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You can hook your MIDI keyboard up to a website with Firefox 108

Don't worry, there are some other improvements thrown in too

The last new version of Firefox for 2022 is out on Mozilla's FTP server, with a more widespread release to follow soon.

Mozilla has released Firefox version 108. Amusingly, for the first time since Mozilla sped up its release cycle in 2015 (and presumably for the last time, too) the current version numbers for Firefox and Google Chrome line up: the current stable version of Chrome is also version 108.

Truth be told, the 108th fox is not an especially big specimen. We rather like the task manager: it's been present for a while, but it's easier than ever to get to – just press Shift+Esc and a new "Process Manager" tab will open. Prepare to be aghast at how much RAM it takes to render a single web page nowawadays.

A new feature that may please musicians is the improved support for the Web MIDI API. The MIDI standard is very close to a remarkable 40 years old, and Web MIDI does just what the name implies: it allows web apps to send and receive MIDI signals to and from musical instruments. In principle this will allow sequencer apps to be implemented in Javascript.

Amusingly, the last time The Reg mentioned Web MIDI, it was because Apple was taking it off Safari users, allegedly because of security concerns. Firefox 108 addresses that with a new security mechanism for preventing, and optionally permitting, apps inside browser tabs to access hardware resources – in this instance, your MIDI ports.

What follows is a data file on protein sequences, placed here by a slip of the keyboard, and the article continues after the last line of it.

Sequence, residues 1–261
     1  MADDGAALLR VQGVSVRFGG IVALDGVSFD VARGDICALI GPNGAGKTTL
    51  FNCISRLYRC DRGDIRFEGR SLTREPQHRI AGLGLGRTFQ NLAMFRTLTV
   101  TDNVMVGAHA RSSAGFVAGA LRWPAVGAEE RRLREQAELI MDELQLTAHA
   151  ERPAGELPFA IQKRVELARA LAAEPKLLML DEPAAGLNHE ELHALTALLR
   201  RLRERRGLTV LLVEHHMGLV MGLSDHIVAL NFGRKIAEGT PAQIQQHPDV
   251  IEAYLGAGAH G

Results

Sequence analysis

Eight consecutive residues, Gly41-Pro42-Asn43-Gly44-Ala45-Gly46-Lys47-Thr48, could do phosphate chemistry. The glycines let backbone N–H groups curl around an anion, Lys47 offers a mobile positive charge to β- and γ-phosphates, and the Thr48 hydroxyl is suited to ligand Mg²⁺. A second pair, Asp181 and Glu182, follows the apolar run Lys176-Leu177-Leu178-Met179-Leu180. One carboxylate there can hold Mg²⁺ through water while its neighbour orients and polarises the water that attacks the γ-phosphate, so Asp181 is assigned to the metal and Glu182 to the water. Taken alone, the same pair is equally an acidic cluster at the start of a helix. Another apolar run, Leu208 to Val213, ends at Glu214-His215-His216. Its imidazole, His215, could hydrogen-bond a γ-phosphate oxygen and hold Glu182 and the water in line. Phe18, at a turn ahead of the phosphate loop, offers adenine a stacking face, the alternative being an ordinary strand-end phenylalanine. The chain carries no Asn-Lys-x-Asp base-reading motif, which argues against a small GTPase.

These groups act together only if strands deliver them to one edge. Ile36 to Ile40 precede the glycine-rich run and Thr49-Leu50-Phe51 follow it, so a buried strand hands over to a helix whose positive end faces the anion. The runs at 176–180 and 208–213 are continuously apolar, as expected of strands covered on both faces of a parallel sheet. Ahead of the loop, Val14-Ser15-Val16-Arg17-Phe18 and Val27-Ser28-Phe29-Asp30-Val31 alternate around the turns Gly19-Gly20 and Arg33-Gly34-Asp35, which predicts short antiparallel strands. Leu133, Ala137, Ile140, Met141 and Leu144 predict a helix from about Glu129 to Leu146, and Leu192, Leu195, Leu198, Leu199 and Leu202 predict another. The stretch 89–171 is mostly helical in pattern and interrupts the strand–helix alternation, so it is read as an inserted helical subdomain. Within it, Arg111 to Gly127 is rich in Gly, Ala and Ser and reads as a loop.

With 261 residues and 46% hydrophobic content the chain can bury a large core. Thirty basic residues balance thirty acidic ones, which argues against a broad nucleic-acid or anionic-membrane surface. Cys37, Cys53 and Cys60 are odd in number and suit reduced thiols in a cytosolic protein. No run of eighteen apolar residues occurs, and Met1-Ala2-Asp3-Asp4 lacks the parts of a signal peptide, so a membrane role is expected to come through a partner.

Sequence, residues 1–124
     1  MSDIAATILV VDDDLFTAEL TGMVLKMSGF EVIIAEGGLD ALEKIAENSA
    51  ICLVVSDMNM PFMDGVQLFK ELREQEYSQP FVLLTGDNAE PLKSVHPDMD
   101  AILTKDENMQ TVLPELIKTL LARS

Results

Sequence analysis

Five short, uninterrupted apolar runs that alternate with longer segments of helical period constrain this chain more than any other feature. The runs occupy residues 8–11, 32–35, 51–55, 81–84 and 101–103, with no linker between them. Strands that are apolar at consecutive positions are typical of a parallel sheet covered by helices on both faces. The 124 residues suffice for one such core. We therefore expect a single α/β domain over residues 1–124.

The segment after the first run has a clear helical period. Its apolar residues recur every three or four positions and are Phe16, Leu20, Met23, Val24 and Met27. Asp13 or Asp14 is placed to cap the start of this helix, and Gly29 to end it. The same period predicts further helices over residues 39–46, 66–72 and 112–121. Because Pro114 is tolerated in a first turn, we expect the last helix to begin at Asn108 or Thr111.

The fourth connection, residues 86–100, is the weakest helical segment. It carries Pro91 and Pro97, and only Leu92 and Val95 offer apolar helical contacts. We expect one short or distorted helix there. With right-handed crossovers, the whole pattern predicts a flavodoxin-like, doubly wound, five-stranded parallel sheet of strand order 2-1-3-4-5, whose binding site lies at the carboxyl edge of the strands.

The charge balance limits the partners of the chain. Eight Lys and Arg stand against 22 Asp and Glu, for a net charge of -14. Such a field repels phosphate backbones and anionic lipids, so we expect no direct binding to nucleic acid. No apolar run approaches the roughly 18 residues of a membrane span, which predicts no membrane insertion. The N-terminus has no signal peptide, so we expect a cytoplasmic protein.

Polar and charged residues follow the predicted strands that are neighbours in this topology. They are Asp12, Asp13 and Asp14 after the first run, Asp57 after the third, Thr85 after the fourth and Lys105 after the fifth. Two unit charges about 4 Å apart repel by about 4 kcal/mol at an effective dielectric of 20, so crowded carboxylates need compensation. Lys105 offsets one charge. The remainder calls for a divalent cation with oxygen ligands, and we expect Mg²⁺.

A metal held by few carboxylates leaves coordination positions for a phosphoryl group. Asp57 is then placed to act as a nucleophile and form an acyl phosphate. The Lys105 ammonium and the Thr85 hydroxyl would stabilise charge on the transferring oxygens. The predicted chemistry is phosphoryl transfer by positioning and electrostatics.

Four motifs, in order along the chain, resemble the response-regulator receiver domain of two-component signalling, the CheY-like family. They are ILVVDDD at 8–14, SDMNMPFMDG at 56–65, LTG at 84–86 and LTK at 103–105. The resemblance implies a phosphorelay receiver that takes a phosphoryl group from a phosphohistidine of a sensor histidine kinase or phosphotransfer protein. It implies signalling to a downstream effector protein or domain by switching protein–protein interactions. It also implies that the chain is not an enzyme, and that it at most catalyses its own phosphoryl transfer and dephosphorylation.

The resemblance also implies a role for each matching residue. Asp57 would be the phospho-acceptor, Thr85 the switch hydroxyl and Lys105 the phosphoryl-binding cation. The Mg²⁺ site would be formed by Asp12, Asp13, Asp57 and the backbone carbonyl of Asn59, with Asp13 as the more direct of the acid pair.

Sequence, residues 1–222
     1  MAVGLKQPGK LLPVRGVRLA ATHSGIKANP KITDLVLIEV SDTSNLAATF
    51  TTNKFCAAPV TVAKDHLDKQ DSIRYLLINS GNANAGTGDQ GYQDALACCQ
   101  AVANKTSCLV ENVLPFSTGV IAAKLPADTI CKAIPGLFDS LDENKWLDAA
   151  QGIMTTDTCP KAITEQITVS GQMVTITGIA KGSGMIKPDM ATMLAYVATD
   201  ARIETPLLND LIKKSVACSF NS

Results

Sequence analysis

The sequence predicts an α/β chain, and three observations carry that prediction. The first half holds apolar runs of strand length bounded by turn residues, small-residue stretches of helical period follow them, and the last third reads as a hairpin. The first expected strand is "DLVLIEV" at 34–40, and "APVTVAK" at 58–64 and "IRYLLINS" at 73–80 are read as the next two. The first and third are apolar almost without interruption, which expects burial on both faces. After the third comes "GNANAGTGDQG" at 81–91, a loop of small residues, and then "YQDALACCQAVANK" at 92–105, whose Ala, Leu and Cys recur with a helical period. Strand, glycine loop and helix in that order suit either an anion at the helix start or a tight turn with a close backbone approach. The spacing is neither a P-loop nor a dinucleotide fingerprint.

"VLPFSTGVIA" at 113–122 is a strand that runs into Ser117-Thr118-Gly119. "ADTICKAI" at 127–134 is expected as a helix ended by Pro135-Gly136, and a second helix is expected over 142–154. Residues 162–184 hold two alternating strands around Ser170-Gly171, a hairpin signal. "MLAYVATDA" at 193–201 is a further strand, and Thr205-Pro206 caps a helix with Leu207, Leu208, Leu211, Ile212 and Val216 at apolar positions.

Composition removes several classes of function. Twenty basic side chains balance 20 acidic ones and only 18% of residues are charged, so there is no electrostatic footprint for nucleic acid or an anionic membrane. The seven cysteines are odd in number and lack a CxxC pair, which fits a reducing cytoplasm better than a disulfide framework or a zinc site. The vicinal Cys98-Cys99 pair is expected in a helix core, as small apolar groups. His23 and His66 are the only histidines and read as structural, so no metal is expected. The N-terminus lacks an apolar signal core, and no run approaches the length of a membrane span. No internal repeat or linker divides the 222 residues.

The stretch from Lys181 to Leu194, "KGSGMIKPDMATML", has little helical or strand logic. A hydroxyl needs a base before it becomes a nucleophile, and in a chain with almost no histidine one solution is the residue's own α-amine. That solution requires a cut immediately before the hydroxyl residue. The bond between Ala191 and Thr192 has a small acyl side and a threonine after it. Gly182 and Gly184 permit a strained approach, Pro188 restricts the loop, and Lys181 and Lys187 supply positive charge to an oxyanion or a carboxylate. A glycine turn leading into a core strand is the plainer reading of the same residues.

No, this does not mean that you can listen to CANYON.MID directly within Firefox. .MID files are not the same as General MIDI. But if you are nostalgic for that for some reason, help is at hand.

Handling background tabs, especially under load, has been tuned. Here at The Reg FOSS desk, we almost never use Windows – we only have one box able to run Windows 11 at all – but if you suffer with that OS, then background tabs in Firefox 108 should use less battery power. (We highly recommend ExplorerPatcher which restores the Win11 desktop to some semblance of usability, and O&O AppBuster, which can remove a lot of built-in bloatware with a few clicks – both have noticeably improved since we plugged them back in July.)

Firefox 108, and yes, that really is Windows 11 with a vertical taskbar.

Firefox 108, and yes, that really is Windows 11 with a vertical taskbar.

Most of the other improvements are less visible. Some of the smaller ones include improved support for non-ASCII characters when saving and printing PDF forms, to go with the steadily improving built-in PDF handling that Firefox has had since version 19. If you use the option to only show the bookmarks toolbar on new tabs, that's been improved, and it should handle new empty tabs better – a weakness vis-à-vis Chrome that has mildly irritated the author for ages.

There are also small improvements in some things that only web designers will notice, such as ICC colour handling, Javascript imports, and CSS trigonometry functions. As usual, this release also plugs some new security holes: eight of them, to be specific.

If the main website doesn't offer version 108 to you just yet – when we clicked "download", we got version 107 – you can download it from the Mozilla FTP server for Windows/macOS/Linux. Ubuntu and other Snap users who want to jump the gun can check the "candidate" channel on Snapcraft. ®

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